The United States and many other wealthy countries tend to be very generous in their efforts to help developing countries. Through foreign aid, we attempt to stimulate and expand their economies. However, even though we funnel money into nations across the globe, many of the citizens are faced with poverty and horrendous living conditions. This is seen best in African nations, who receive a large portion of foreign aid and still make up some of the poorest countries worldwide. While it’s often debated, the problem with foreign monetary aid is that it forms strong dependence on the aid and doesn’t always go to the countries, and the people, who need it most.
Red countries receive US foreign aid.
Take Liberia for example, a resource-rich nation that has been ravaged by civil war and infectious disease. In 2015, Liberia was receiving about $765 million in official development aid, 73% of its gross national income (Glencorse). In spite of all this, an estimated 84% of Liberians live below the poverty line, and the nation is ranked 182 of 187 countries on the Human Development Index (HDI). This is caused by a lack of accountability and transparency as to what the money is actually going towards. In most cases, aid is given for short-term results rather than sustainability. This means that instead of investment, the money funds supplies such as food, water, and tools. During a famine in a country like Liberia though, food is one of the worst things to provide. Food aid lowers the cost of food, making it harder for local farmers to compete with such low prices. The demand for locally grown food goes down, causing the supply to fall with it, thereby increasing the dependency on foreign food aid. While people are being fed at that specific time, it’s clearly not sustainable--the agriculture sector is shrinking, not expanding.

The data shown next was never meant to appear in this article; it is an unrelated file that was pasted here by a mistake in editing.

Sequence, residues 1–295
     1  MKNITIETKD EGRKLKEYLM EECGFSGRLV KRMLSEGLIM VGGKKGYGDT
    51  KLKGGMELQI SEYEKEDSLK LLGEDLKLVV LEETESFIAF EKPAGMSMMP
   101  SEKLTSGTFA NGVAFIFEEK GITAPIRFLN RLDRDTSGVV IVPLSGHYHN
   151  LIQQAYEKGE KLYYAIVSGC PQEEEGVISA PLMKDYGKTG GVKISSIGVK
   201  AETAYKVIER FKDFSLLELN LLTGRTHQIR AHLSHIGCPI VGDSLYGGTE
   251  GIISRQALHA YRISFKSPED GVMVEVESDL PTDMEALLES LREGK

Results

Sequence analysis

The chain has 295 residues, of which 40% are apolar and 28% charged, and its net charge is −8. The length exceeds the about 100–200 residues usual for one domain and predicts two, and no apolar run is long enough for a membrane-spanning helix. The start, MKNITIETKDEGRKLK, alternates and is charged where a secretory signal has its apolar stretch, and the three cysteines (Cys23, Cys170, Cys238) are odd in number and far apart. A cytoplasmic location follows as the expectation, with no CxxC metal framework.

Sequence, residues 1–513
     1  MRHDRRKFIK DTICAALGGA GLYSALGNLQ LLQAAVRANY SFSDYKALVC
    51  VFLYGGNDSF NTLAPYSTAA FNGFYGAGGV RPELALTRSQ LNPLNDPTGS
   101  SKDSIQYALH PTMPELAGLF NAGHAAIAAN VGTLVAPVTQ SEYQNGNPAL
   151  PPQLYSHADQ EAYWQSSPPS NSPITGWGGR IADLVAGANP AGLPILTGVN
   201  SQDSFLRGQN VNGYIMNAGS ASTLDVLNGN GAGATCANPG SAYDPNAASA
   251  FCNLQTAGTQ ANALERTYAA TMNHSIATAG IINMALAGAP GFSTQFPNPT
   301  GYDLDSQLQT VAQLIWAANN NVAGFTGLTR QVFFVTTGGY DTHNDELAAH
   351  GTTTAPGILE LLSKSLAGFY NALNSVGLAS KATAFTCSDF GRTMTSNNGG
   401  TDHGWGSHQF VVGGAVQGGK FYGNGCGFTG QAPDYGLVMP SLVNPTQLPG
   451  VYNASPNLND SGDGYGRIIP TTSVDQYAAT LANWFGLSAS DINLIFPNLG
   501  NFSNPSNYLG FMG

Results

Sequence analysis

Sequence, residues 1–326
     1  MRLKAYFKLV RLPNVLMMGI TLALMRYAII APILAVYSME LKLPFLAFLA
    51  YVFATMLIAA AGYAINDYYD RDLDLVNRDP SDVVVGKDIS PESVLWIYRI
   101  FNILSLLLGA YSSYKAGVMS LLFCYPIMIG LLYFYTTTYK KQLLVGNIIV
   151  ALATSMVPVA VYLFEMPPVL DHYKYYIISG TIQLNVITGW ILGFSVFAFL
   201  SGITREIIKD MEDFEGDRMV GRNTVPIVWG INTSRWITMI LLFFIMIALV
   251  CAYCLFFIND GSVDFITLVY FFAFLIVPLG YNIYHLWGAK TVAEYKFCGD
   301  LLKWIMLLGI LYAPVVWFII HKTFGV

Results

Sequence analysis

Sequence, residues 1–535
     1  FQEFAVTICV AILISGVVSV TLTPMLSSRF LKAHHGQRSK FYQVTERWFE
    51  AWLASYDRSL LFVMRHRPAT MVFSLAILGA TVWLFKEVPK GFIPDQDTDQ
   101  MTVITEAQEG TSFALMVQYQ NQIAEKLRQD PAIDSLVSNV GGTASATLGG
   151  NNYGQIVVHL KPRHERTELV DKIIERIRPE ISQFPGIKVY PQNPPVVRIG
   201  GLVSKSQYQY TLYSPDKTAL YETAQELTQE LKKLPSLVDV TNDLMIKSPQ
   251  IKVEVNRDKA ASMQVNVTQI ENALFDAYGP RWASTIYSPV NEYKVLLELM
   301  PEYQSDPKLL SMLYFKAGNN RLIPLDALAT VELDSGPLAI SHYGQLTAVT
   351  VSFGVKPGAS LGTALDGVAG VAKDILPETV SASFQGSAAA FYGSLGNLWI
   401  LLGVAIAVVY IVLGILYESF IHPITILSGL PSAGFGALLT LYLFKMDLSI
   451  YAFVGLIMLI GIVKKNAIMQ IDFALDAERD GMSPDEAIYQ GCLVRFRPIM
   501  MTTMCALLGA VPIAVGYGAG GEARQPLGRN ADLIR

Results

The prevalence of foreign aid in these African nations is hurting them in the long-run, not helping. While these countries may benefit from some limited foreign intervention, simply giving them money is not the way to go. Foreign governments who give aid should be focusing their resources on sustainable investments for that country, as well as holding the country accountable for where that money is truly going.
Works CitedChester, Penelope. “Liberia and Aid Dependency.” UN Dispatch, 4 June 2010, www.undispatch.com/liberia-and-aid-dependency/.
“Misplaced Charity.” The Economist, The Economist Newspaper, 11 June 2016, www.economist.com/news/international/21700323-development-aid-best-spent-poor-well-governed-countries-isnt-where-it.
Swanson, Ana. “Why Trying to Help Poor Countries Might Actually Hurt Them.” The Washington Post, WP Company, 13 Oct. 2015, www.washingtonpost.com/news/wonk/wp/2015/10/13/why-trying-to-help-poor-countries-might-actually-hurt-them/?utm_term=.c158dfd9f027.
“Why Foreign Aid Fails – and How to Really Help Africa.” The Spectator, 27 Jan. 2014, www.spectator.co.uk/2014/01/why-aid-fails/.